An early warning can save a life. I live and pastor in Los Angeles, California. Here in SoCal, we are no strangers to earthquakes. This past week marked the 25th anniversary of the Northridge earthquake. The 6.7 magnitude quake killed 57 people and injured more than 8,700. There was no warning. At 4:30 AM, most people were asleep.
On January 2nd of this year, an early detection app was launched to give people up to 10 seconds to prepare for an earthquake. ShakeAlertLA will work with the US Geological Survey to help people on the West Coast be ready for the worst.
I’m grateful for the early warning of an earthquake, but there is another type of shaking we can experience. It is the “quake” of burnout.
I previously wrote a post called, Resources for Pastors Struggling with Burnout, but lately, I have been thinking about the indicators, the dash lights, and the warning signs that a pastor is facing burnout. What if you could do a prayerful evaluation and detect the early warning signs that you are not taking care of yourself?
It is inevitable. When you step out in obedience to God, you will face criticism. I suppose that if Jesus was criticized in his ministry, we should expect to receive it too.
I’m now in my 25th year of pastoral ministry, and several painful conversations are seared into my mind. When I reflect I can still feel the sting of criticism and harsh words that were spoken. Critics have challenged me over my leadership, hiring and firing decisions, my sermons, and even how we have cared for the poor.
I can still hear the words of a pastor who told me when we were moving to Los Angeles for ministry, “you are making the biggest mistake of your life.” The words hurt, especially coming from a friend, but we knew we were obeying God.
There is a difference between “constructive criticism” and “attack criticism.”
I believe the old adage is true: "leaders are readers." Well, they are least learners. We all consume content differently, but books continue to my primary source of information. Reading is a part of my daily life and I consume on average 24 books per year. I enjoy reading widely and include history, business, biography, finance, and political science to my ministry reading.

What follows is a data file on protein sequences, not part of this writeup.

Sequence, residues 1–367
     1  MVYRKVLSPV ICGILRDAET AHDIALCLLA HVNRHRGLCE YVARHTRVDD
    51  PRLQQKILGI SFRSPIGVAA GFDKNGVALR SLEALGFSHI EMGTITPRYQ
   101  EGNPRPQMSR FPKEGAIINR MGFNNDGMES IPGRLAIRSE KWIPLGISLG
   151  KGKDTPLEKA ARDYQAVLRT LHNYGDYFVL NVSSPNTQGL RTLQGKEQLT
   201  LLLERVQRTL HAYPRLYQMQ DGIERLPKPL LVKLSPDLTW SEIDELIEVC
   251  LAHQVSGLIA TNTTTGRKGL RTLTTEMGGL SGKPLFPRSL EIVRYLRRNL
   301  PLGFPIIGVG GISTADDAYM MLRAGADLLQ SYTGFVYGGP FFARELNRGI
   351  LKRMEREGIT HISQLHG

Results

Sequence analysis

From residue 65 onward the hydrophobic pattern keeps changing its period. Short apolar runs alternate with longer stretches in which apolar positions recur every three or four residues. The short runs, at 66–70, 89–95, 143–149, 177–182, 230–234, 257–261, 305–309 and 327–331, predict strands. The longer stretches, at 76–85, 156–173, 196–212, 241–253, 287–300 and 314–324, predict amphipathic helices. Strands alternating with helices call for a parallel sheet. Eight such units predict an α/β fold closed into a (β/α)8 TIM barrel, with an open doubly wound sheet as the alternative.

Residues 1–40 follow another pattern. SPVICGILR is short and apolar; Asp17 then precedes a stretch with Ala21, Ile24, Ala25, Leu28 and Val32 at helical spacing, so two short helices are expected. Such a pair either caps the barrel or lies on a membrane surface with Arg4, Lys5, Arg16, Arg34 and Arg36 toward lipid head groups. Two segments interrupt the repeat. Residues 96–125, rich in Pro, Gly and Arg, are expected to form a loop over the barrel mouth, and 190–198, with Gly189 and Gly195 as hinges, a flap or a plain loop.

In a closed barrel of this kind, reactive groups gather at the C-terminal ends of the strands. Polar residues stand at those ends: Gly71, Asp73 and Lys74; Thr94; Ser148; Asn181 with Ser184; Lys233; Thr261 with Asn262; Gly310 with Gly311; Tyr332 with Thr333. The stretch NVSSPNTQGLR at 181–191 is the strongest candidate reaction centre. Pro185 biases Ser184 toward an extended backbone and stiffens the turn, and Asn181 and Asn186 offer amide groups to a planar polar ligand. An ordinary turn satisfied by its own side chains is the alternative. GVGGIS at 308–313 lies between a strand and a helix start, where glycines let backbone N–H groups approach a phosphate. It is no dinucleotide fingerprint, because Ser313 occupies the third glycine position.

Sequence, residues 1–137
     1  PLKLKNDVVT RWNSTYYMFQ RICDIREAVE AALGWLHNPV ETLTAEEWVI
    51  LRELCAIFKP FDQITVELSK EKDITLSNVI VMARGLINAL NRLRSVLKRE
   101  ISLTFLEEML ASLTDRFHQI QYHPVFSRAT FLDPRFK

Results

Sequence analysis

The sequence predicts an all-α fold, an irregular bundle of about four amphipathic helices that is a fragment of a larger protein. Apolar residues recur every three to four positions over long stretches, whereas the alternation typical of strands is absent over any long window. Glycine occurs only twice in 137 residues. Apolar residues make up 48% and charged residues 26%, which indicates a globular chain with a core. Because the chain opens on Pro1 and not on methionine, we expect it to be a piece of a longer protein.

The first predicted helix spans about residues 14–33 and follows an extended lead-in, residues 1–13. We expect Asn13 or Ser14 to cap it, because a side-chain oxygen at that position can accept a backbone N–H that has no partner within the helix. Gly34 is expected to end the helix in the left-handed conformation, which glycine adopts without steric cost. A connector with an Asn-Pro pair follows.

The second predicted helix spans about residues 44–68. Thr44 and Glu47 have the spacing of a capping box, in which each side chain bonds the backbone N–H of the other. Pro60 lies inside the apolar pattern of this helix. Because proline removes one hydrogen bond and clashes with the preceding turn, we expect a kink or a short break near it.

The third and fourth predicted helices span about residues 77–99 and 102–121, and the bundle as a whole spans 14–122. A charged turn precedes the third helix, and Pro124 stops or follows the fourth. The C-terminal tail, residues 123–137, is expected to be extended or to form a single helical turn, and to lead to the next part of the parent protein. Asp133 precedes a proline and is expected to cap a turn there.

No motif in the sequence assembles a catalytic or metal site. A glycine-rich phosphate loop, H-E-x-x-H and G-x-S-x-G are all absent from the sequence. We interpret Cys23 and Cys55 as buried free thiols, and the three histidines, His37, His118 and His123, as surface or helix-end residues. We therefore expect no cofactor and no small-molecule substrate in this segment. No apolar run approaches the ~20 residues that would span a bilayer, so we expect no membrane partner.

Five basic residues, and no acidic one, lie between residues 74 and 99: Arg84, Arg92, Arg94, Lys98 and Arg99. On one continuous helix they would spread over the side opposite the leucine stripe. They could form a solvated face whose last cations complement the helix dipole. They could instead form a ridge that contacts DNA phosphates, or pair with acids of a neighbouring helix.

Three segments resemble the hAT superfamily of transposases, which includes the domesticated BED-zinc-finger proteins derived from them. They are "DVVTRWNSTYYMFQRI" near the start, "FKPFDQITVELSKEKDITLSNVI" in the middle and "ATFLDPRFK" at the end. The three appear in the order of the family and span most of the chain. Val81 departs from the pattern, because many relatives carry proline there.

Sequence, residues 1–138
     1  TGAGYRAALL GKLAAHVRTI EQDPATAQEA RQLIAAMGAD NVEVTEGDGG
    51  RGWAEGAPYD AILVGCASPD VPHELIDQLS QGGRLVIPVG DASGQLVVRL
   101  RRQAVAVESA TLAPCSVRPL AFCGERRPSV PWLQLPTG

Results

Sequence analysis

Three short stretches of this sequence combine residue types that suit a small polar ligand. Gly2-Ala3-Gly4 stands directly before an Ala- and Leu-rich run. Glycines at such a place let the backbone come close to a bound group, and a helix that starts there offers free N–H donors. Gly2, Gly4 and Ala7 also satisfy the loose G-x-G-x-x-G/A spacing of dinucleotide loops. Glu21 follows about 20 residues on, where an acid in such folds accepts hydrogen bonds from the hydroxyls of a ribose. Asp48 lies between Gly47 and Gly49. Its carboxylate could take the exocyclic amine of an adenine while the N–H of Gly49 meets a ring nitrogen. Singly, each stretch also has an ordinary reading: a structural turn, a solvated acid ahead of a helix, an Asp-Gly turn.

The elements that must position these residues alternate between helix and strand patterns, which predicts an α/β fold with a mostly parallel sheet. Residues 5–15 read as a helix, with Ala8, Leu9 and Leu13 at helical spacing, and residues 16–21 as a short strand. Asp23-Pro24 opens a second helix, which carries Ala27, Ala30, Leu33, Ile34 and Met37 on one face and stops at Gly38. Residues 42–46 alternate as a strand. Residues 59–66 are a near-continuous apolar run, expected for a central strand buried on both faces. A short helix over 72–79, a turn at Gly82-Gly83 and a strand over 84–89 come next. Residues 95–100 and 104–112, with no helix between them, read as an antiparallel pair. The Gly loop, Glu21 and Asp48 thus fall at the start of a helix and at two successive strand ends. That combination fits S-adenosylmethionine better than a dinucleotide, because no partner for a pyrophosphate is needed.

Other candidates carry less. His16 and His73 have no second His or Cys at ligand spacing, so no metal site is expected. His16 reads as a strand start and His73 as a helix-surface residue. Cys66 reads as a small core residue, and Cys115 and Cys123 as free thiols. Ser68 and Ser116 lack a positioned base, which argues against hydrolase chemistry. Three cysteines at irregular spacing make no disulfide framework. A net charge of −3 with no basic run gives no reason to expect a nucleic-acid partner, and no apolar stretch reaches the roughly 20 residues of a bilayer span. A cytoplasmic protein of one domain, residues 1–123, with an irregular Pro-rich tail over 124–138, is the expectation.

As for the Bible, I read the One-Year Bible and each year I choose a different translation. I read very little fiction, but do enjoy some John Grisham and Robert Dugoni while on vacation.
Here is a list of books I plan to read this year. Some are new, some are older, and some are repeats.
65% of church volunteers haven’t heard the words “thank you” in the past 12 months. Can this be true? I’ve seen the statement on several websites, but I can’t find the study that produced this statement.
While I can’t verify it’s accuracy, it did make me think about how valuable our volunteers are, and how critical it is for pastors to show appreciation.
As we come to the end of this calendar year, it’s a great time to say thank you to our wonderful teams. These dedicated volunteers make ministry happen week in and week out. Imagine what you would do without them!
Here is a list of 21 ideas for showing much-needed appreciation to your volunteers.
Vacation was approaching. It was only two weeks away. I couldn’t wait. I also couldn’t focus. I had that vacation feeling. Do you know what I mean?
I could not wait to lay down the pressures of ministry and just rest. The plans to check-out were set. Email “out of the office” auto-responder, a voicemail message informing people to call another staff member, and deleting social media apps from my phone was all about to happen.